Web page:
Electric Safety 
Doing it yourself?  Don't forget safety.

As summer approaches, rising temperatures often give rise to home improvement projects. Whether you’re building a new deck, fixing the garage door or planting a tree, electrical safety needs to be at the top of your to-do list.

Before tackling any project, take a few minutes to prepare for the job. Make sure you’ve got the right tools and check cords for any cracks or frayed insulation and proper connections. Take note of potential hazards in the work area such as overhead
power lines, especially those connected to the home. Keep
equipment and yourself at least 10 feet from power lines.

Also, make sure outdoor outlets are equipped with a ground fault circuit interrupter (GFCI) or use a portable GFCI. If it is raining or the ground is wet, do not use electric power or yard tools.

Simple steps like these could save your life. Learn more at SafeElectricity.org.

Copper theft:  gain a buck, lose a life

As the price of copper has increased, so have the number of copper thefts— a crime that creates some serious safety risks.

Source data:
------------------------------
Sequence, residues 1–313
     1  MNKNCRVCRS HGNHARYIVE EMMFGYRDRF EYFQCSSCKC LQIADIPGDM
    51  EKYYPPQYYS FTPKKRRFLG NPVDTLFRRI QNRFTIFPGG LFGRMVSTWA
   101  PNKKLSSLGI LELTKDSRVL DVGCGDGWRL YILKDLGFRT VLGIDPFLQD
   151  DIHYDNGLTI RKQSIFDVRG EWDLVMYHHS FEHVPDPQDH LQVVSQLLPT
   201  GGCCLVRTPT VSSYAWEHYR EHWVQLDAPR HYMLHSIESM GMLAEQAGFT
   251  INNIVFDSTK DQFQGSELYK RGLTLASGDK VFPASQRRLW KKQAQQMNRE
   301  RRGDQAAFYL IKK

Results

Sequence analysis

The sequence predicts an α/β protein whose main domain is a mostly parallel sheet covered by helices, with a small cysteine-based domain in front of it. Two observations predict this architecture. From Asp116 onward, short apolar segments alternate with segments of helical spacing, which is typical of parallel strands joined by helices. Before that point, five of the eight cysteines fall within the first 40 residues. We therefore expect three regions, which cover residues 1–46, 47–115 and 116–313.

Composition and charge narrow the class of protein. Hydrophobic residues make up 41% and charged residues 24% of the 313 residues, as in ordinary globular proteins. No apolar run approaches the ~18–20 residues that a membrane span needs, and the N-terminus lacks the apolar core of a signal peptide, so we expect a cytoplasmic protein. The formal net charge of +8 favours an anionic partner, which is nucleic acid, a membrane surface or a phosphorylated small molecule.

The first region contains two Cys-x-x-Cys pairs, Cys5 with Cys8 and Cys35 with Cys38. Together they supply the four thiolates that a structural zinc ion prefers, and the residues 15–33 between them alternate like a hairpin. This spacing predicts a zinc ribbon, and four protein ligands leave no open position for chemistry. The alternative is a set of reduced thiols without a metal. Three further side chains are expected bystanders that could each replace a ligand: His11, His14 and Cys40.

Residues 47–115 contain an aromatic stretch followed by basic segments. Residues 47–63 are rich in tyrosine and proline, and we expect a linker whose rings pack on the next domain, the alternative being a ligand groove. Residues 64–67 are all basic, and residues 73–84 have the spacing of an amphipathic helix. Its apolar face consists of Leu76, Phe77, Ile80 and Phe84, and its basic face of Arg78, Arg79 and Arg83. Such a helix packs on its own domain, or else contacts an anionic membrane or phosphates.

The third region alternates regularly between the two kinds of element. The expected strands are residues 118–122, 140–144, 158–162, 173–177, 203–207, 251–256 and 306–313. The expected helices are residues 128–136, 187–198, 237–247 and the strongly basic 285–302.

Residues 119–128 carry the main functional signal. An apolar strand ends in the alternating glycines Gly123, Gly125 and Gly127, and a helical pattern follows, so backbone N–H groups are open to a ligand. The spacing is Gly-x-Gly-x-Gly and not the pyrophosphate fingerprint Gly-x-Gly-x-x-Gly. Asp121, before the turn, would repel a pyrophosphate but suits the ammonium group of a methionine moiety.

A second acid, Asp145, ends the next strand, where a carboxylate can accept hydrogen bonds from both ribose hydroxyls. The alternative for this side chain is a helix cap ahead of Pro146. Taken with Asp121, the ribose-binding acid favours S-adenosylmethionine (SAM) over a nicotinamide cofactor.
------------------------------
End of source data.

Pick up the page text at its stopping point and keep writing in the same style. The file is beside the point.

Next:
Thefts from electric utility property, such as substations and power poles, can cause fires, explosions, power outages, and electric shock.

Copper thieves themselves may pay the ultimate price for their actions. Many copper thieves have been killed or seriously burned while trying to steal from high-voltage electric substations or power poles.

You can help stop copper theft. Common targets for copper theft are construction sites, farming equipment, and electric utility property. If you notice suspicious activity around one of these targets, call the police. Learn more at SafeElectricity.org.

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